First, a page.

This presents a different way of thinking on the TSA mindset. They may feel that in order to do the job of preventing attacks, they need to employ more unpleasant security approaches than the public would accept. The way to get the public to accept them is to not apply them to the important, rich or revenue generating members of the public, as well as to those that make the system look bad, like kids and grandmothers. The intensive security can then be applied to the rest of the public. This gives the appearance of extreme security even if terrorists are able to exploit the TT line and its lower security. If you add some random checks with the intense security to the TT line, rather than making it a 100% pass on them, you might actually provide overall superior real security.

It’s also possible that this could be viewed, even in a rational analysis, as deliberately reducing the overall security of the system a small amount while reducing complaints and opposition to the system a larger amount.

Naturally, if the approach of “placate the powerful and strip-search the masses” were expressed as official policy, it would never fly. (Do you want to fly today?) It is indeed, rather unfair and far from egalitarian. And of course, they seem unable to admit that one can have too much security, and one might indeed reduce the actual security in order to reduce the hassles of it, though many of the public might be fine with that. In addition, the reality is that those in the public who can get into the TT program will embrace it. It saves them hassle, and makes them feel superior to boot. Only a minority seem to object to the concept of a background check. After years of TSA rule, the normally repugnant idea that you should need a background check to travel with convenience in your own country has grown more acceptable, just as the idea that being told your choice is to be photographed nude or groped has become acceptable.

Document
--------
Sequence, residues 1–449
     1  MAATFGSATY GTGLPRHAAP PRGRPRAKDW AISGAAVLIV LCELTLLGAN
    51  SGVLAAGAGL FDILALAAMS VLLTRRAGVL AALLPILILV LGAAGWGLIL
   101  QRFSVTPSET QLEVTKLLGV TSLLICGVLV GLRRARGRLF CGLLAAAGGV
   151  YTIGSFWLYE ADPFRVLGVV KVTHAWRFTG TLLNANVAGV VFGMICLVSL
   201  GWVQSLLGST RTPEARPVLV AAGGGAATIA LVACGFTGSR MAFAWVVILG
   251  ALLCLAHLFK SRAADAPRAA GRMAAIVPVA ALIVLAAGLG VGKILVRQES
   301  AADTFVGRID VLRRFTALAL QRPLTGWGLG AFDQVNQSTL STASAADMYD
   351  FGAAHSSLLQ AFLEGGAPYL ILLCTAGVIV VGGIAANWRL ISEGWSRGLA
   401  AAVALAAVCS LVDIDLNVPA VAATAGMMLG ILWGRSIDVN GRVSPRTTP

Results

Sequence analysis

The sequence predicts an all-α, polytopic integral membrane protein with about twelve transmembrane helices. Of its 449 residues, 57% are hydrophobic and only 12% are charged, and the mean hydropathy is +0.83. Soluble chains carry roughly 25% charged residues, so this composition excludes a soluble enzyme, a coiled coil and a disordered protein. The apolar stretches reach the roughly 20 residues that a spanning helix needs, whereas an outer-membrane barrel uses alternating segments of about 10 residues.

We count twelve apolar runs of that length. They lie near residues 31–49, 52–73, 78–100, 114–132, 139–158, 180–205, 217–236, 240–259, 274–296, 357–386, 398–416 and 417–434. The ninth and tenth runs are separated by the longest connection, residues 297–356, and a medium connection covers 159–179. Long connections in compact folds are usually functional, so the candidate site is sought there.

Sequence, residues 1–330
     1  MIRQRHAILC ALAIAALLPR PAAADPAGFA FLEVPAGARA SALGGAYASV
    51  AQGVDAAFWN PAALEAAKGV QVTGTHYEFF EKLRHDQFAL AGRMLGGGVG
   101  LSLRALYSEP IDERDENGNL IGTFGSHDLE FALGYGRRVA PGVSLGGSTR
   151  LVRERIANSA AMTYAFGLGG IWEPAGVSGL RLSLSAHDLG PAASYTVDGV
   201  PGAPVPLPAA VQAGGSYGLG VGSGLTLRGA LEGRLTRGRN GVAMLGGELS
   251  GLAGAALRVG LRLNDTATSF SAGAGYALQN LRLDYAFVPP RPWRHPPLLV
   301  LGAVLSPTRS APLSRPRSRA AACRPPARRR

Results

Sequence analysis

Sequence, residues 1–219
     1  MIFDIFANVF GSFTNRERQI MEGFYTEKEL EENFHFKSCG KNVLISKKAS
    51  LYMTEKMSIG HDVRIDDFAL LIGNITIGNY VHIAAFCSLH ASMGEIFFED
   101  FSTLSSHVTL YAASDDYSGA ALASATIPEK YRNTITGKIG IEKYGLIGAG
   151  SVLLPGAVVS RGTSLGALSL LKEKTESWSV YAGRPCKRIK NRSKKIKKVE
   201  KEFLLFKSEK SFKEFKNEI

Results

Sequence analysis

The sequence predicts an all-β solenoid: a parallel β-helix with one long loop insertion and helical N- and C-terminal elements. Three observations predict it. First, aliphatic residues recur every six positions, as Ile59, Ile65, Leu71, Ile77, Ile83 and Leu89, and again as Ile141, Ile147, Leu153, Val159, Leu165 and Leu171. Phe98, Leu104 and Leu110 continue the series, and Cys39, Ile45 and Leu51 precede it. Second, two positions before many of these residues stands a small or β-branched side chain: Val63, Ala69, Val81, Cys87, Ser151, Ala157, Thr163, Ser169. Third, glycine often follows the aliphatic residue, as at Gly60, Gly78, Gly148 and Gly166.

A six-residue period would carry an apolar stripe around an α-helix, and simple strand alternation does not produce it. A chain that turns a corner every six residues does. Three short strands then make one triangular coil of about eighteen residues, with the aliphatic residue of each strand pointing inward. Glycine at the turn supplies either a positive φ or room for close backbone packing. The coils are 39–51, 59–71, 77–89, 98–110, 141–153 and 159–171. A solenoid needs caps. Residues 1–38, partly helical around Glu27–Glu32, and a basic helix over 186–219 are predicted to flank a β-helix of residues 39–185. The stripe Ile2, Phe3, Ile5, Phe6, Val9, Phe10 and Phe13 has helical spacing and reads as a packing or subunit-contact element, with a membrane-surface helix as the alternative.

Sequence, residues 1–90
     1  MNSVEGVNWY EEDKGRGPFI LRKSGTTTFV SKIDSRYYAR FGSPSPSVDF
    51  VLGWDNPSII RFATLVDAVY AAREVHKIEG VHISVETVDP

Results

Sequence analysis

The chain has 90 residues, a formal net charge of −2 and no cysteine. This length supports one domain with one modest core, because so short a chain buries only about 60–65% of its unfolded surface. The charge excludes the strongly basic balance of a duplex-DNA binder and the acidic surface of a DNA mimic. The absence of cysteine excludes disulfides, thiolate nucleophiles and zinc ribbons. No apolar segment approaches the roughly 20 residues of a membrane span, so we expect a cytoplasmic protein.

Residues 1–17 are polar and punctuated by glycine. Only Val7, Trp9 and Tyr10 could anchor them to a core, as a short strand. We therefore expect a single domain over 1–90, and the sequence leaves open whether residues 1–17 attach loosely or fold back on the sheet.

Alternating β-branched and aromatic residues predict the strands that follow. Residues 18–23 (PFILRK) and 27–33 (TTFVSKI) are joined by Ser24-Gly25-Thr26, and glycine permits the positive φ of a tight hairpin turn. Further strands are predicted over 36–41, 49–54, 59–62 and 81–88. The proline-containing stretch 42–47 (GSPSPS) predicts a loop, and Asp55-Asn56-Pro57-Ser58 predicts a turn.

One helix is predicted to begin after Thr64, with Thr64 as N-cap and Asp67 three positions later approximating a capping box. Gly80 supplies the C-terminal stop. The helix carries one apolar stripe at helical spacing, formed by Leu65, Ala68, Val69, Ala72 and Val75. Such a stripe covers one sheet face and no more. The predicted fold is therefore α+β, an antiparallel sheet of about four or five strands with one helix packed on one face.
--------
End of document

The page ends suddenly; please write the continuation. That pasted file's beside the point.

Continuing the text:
What’s the path to real security? Strong cockpit doors, bomb-proof luggage containers and aircraft designs that can withstand a small explosion from a carry-on bomb. While a bomb in any crowded place is horrific, we should try to make an aircraft to be no more scary a place for one than any other crowded place, and needing no more security than those.